In terms of the Amended Rules, acquisition of equity instruments by a non-resident pursuant to acquisition of a right from a resident who has renounced such right shall be subject to the following pricing guidelines:
a) In case of a listed Indian company: At a price not lower than the price worked out in accordance with the Securities and Exchange Board of India guidelines
b) In case of an unlisted Indian company: At a price not lower than the valuation of equity instruments done as per any internationally accepted pricing methodology for valuation on an arm’s length basis duly certified by a Chartered Accountant or a Merchant Banker registered with the Securities and Exchange Board of India or a practising Cost Accountant
Prior to the amendment, such acquisition of right shares was subject to the following pricing guidelines:
a) In case of a listed Indian company: At a price determined by the company
b) In case of an unlisted Indian company: At a price not lower than the price offered to persons resident in India
2. Time limit for relaxation of domestic sourcing norms for entities undertaking single brand retail trading of products having 'state-of-art' and 'cutting-edge' technology
In terms of the Rules, the requirement of 30% domestic sourcing is not applicable up to three years from commencement of the business for entities undertaking single brand retail trading of products having 'state-of-art' and 'cutting-edge' technology and where local sourcing is not possible. Thereafter, sourcing norms are applicable.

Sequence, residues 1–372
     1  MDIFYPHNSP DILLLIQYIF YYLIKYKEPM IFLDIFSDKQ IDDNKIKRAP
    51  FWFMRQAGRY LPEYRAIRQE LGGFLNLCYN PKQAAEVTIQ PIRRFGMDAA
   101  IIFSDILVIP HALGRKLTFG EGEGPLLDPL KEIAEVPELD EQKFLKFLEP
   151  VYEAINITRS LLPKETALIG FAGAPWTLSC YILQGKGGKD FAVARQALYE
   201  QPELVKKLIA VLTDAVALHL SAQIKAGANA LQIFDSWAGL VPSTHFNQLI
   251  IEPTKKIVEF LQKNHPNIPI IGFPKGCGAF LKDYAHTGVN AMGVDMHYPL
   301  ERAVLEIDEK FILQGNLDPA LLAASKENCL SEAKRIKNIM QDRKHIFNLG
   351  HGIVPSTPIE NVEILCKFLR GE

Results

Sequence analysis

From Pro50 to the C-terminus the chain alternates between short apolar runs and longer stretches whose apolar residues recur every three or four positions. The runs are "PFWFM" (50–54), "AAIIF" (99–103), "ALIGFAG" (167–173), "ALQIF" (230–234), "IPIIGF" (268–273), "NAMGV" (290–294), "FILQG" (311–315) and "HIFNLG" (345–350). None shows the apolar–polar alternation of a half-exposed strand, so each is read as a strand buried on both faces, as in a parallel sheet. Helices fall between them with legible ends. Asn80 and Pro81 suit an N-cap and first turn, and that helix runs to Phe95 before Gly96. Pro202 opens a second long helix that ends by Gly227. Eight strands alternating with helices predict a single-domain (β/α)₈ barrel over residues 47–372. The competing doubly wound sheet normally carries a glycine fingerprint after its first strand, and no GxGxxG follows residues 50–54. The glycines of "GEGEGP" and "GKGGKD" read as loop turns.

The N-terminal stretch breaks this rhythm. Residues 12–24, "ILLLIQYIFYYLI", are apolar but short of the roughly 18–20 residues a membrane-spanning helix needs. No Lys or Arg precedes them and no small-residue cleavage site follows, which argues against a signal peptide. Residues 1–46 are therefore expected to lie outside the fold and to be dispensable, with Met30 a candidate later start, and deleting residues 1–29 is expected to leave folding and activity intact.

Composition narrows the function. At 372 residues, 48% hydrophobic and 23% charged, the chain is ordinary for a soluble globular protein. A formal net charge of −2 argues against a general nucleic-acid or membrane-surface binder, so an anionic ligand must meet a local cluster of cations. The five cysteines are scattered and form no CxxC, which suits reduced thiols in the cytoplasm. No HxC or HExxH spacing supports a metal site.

It has now been notified by way of the Amended Rules that “commencement of the business” shall be defined as opening of the first store or start of online retail, whichever is earlier. Prior to the amendment, “commencement of the business” was defined as opening of the first store.
3. Investment by Foreign Portfolio Investors (‘FPIs’)
In terms of the Rules, FPIs which have invested in breach of the prescribed portfolio limits, have the option of divesting their holdings within five trading days from the date of settlement of the trades causing the breach. In case the FPI chooses not to divest, then the entire investment in the company by such FPI and its investor group is considered as investment under Foreign Direct Investment (‘FDI’) and the FPI and its investor group is restricted from making any further portfolio investment in the company concerned. The FPI, through its designated custodian, is required to bring the same to the notice of the depositories as well as the concerned company for effecting necessary changes in their records, within seven trading days from the date of settlement of the trades causing the breach.
It has now been additionally notified by way of the Amended Rules that the divestment of holdings by the FPI and the reclassification of FPI investment as FDI shall be subject to further conditions, if any, specified by Securities and Exchange Board of India and the Reserve Bank in this regard.
4. FDI in Insurance Intermediaries
In terms of the Amended Rules, FDI in insurance intermediaries has been increased from 49% to 100% under the automatic route. Insurance intermediaries have been defined to include insurance brokers, re-insurance brokers, insurance consultants, corporate agents, third party administrator, Surveyors and Loss Assessors and such other entities, as may be notified by the Insurance Regulatory and Development Authority of India from time to time. The Amended Rules have made effective the changes proposed vide Press Note 1 (2020 Series) dated February 21, 2020